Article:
In most years, Senate deliberations over a nomination for administrator of the United States Agency for International Development, which leads American efforts to fight poverty and disease in the developing world, would pass without note.

This year is different. American efforts to improve the lives of the world’s poorest people have never been so important. The Senate Foreign Relations Committee voted last week to refer the nomination of Dr. Rajiv Shah for USAID administrator to the floor for a full vote, which is expected soon. Dr. Shah should be confirmed without delay for three key reasons.

First, successful outcomes to our most pressing national security challenges, including the war in Afghanistan and instability in Pakistan, depend just as much on our ability to provide health services and economic opportunity to struggling people as on our combat operations or diplomatic efforts. Both President Barack Obama’s new Afghanistan strategy and the Kerry-Lugar-Berman Pakistan aid package make substantial new commitments based on this idea.

Second, the global fights against HIV/AIDS and other deadly diseases have reached a turning point. U.S.-led programs such as former President George W. Bush’s Emergency Plan for AIDS Relief and the Global Fund to Fight AIDS, Tuberculosis and Malaria, have helped poor families and communities move from a moment of crisis toward a moment of opportunity. We need to work twice as hard to maintain and build on this progress.

Third, the Obama administration and bipartisan Congressional leaders are in the midst of a transformative debate about how to make U.S. foreign assistance more effective and accountable. The unprecedented momentum in this debate is on the side of those who believe we need a new development strategy and a more efficient foreign assistance system that produces greater returns for recipients and taxpayers alike.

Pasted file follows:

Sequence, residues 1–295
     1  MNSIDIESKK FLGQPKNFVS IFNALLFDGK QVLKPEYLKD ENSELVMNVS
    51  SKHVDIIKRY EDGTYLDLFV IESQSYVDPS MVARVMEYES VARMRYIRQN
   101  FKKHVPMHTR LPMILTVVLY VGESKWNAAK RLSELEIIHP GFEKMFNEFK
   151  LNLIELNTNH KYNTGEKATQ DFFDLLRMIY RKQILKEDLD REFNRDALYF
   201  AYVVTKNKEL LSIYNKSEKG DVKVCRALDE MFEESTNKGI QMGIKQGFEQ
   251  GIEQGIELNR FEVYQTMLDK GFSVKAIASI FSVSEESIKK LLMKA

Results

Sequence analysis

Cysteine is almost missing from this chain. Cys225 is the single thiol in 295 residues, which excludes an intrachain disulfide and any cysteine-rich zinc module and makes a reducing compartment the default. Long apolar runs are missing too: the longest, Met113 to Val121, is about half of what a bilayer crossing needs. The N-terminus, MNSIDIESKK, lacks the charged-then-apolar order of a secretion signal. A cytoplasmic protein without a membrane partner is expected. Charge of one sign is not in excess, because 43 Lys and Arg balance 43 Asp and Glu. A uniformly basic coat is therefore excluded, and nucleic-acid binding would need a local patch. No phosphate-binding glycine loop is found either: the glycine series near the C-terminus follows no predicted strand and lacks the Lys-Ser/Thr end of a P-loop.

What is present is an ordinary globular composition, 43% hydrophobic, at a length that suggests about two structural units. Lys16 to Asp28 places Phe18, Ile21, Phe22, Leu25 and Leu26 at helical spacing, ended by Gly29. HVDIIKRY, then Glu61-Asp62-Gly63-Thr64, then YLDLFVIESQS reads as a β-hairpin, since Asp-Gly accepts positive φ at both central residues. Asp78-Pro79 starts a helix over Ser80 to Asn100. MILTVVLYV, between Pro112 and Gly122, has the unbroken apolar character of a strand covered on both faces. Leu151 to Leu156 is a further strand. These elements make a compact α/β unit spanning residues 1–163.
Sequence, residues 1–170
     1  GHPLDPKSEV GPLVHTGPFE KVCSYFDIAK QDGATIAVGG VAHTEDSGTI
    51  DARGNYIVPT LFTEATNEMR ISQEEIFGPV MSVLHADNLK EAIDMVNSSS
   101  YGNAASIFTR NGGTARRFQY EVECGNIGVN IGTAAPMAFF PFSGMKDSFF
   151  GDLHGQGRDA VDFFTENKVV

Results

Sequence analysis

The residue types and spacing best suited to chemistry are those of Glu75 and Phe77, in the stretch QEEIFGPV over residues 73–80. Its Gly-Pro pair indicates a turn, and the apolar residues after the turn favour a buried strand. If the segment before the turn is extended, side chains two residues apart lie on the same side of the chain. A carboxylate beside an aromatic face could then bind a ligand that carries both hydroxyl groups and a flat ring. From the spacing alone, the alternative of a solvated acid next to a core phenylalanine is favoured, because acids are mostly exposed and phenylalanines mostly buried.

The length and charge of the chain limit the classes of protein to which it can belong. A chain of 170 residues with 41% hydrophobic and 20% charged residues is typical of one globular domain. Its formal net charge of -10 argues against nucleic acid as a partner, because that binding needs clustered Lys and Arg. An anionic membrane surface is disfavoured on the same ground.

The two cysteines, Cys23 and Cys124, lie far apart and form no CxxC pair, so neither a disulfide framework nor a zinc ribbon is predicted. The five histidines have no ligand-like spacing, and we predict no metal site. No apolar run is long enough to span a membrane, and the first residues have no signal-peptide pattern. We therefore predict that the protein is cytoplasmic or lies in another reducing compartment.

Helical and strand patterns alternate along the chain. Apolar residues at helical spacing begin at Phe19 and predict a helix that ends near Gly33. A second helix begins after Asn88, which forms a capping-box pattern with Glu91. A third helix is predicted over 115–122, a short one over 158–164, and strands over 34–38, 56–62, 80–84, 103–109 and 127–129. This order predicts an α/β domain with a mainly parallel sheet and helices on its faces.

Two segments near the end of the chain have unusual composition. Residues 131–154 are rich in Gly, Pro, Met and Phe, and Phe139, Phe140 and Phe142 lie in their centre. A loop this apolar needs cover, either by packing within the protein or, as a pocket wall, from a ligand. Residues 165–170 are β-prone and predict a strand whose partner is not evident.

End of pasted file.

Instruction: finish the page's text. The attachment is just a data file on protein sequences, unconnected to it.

Given the gravity of these issues and the costs of inaction, Dr. Shah’s development leadership is needed now. He is a medical doctor and health economist who led the Bill and Melinda Gates Foundation’s $1.5 billion vaccine fund and played a key role in launching its global development division, which now disburses hundreds of millions of dollars for agricultural security and financial services for the poor. These experiences, coupled with the fact that he came of age professionally as revolutionary new programs like PEPFAR, the Global Fund, and the Millennium Challenge Corp. drove landmark progress on global poverty and disease, prepare him well to manage America’s development future.

If confirmed, Dr. Shah will face resistance from entrenched bureaucrats in USAID and the dozens of other government offices that oversee development programs. With political support from the Obama administration and Congress, he will need to assert himself immediately to gain control of this fragmented system, or risk being swallowed by it. To do so, Dr. Shah should assume a visible leadership role on foreign assistance reform and help drive it to a successful conclusion, but he must also focus on other specific issues.